It's flies to shit, is what it is.


  17. It's a start. They need to burn All churches, synegogues, mosques, temples, and religious crack-houses everywhere.

    The crazy religious bastards will get us all killed, yet.

  18. This comment has been removed by the author.

  19. Watch the video, give us a report on the part that is wrong.

  20. NATO vs. Syria
    American Conservative

    By Philip Giraldi | December 19, 2011
    Americans should be concerned about what is happening in Syria, if only because it threatens to become another undeclared war like Libya but much, much worse. Calls for regime change have come from Secretary of State Hillary Clinton, who several weeks ago predicted a civil war. That is indeed likely if the largely secular and nationalist regime of Bashar al-Assad falls, pitting Sunni against Shia against Alawite. Indigenous Christians will be caught in the meat grinder. Ironically, many of the Christians in Damascus are Iraqis who experienced the last round of liberation in their own country and had to flee for their lives.
    NATO is already clandestinely engaged in the Syrian conflict, with Turkey taking the lead as U.S. proxy. Ankara’s foreign minister, Ahmet Davitoglu, has openly admitted that his country is prepared to invade as soon as there is agreement among the Western allies to do so. The intervention would be based on humanitarian principles, to defend the civilian population based on the “responsibility to protect” doctrine that was invoked to justify Libya. Turkish sources suggest that intervention would start with creation of a buffer zone along the Turkish-Syrian border and then be expanded. Aleppo, Syria’s largest and most cosmopolitan city, would be the crown jewel targeted by liberation forces.
    Unmarked NATO warplanes are arriving at Turkish military bases close to Iskenderum on the Syrian border, delivering weapons from the late Muammar Gaddafi’s arsenals as well as volunteers from the Libyan Transitional National Council who are experienced in pitting local volunteers against trained soldiers, a skill they acquired confronting Gaddafi’s army. Iskenderum is also the seat of the Free Syrian Army, the armed wing of the Syrian National Council. French and British special forces trainers are on the ground, assisting the Syrian rebels while the CIA and U.S. Spec Ops are providing communications equipment and intelligence to assist the rebel cause, enabling the fighters to avoid concentrations of Syrian soldiers.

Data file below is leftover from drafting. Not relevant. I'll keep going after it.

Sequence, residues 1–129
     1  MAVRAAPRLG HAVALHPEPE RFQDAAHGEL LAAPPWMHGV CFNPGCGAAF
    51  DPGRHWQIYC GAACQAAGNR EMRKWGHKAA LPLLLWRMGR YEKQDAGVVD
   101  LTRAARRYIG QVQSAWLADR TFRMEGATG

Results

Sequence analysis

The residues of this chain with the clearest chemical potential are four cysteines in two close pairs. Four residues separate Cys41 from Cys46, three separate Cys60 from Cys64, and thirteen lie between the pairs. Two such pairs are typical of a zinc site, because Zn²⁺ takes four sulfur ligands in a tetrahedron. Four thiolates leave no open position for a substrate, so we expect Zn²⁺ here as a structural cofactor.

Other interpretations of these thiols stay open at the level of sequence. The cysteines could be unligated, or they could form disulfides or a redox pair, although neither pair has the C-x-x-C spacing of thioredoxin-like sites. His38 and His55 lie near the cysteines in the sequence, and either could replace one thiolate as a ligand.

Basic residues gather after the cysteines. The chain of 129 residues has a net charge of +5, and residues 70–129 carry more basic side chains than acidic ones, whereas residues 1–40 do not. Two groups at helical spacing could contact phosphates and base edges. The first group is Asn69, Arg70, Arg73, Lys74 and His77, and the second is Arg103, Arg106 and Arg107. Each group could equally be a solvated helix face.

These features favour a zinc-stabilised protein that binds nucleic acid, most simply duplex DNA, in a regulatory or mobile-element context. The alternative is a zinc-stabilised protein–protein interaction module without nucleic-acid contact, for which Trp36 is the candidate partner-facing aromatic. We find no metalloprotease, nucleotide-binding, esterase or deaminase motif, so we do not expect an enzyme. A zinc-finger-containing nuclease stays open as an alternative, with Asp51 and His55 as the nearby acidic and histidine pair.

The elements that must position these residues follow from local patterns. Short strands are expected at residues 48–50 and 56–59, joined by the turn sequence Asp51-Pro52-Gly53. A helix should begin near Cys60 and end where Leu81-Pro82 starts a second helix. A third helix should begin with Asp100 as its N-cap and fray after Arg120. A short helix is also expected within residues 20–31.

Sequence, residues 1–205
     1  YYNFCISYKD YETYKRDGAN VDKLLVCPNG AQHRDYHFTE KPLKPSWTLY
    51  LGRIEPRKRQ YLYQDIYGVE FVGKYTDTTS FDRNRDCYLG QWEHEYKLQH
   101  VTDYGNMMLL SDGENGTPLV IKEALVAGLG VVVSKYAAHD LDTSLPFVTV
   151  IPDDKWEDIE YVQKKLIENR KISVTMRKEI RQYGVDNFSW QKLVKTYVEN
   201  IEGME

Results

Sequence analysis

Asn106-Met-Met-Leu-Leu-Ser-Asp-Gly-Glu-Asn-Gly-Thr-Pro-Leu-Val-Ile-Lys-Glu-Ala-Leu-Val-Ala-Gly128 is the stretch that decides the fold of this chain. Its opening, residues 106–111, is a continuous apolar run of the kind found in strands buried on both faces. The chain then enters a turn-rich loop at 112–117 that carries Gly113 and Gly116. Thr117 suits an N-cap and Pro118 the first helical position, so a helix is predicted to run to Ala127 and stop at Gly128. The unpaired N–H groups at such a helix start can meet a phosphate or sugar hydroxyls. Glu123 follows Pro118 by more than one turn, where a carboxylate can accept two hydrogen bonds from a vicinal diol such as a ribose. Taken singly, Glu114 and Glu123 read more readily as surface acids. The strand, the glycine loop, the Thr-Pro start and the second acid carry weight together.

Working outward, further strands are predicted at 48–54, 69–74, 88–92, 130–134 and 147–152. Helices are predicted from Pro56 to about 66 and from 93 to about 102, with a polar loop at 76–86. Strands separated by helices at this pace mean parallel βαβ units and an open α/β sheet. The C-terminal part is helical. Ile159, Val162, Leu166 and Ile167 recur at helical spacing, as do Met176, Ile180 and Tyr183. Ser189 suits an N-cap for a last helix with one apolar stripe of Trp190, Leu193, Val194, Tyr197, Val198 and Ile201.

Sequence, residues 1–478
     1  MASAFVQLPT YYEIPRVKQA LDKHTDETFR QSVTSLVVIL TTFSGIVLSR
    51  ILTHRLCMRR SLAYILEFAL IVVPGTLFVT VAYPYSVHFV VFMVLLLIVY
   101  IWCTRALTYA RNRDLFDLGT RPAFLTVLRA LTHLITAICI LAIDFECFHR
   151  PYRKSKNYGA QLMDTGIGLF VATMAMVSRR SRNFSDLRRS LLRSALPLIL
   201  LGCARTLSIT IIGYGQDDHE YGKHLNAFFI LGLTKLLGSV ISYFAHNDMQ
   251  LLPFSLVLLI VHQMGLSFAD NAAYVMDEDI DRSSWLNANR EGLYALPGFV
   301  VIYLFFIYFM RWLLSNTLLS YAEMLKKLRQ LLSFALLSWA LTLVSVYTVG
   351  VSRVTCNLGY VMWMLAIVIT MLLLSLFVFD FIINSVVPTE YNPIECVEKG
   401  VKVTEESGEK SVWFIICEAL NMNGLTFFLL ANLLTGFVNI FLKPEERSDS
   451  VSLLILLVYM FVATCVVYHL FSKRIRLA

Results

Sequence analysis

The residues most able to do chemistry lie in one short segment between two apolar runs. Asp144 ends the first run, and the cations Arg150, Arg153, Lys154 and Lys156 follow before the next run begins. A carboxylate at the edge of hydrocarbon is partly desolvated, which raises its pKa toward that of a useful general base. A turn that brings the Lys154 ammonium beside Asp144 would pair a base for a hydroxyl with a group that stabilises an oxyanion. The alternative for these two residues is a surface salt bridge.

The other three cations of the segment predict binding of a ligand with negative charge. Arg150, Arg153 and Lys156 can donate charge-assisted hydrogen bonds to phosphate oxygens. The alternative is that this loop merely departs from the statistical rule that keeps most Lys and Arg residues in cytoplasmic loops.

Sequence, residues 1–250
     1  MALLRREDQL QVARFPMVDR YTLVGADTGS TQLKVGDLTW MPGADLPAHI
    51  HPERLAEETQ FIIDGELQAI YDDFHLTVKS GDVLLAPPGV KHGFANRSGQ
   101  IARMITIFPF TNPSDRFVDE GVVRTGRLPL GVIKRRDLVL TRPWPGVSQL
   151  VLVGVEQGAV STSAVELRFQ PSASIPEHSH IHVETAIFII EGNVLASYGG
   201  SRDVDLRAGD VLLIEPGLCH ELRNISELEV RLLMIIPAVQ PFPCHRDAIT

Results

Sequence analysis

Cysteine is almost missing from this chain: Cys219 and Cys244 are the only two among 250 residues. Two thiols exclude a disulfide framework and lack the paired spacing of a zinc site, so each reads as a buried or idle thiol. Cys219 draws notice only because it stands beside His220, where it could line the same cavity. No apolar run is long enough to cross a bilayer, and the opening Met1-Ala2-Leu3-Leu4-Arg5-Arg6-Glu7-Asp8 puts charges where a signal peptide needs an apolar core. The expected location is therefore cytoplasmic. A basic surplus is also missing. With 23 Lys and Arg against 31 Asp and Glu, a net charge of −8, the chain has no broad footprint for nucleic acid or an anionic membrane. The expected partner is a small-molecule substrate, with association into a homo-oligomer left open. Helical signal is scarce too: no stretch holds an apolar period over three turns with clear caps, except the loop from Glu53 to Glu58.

CIA analysts are skeptical regarding the march to war. The frequently cited United Nations report that more than 3,500 civilians have been killed by Assad’s soldiers is based largely on rebel sources and is uncorroborated. The Agency has refused to sign off on the claims. Likewise, accounts of mass defections from the Syrian Army and pitched battles between deserters and loyal soldiers appear to be a fabrication, with few defections being confirmed independently. Syrian government claims that it is being assaulted by rebels who are armed, trained, and financed by foreign governments are more true than false.

    In the United States, many friends of Israel are on the Assad regime-change bandwagon, believing that a weakened Syria, divided by civil war, will present no threat to Tel Aviv. But they should think again, as these developments have a way of turning on their head. The best organized and funded opposition political movement in Syria is the Muslim Brotherhood.
    Philip Giraldi, a former CIA officer, is executive director of the Council for the National Interest.

  21. Are you so blind, you cannot see?

  22. These are the guys that wouldn't let the 4th ID through, right? Now, we're going to trust them to help us blow a hole through Syria, so we can mount a "ground-offensive" against Iran?

    Nah. even the CIA and Pentagon combined couldn't come up with a plan that nuts.

  23. Has Tel Aviv entered into some sort of secret alliance with the Muslim Brotherhood?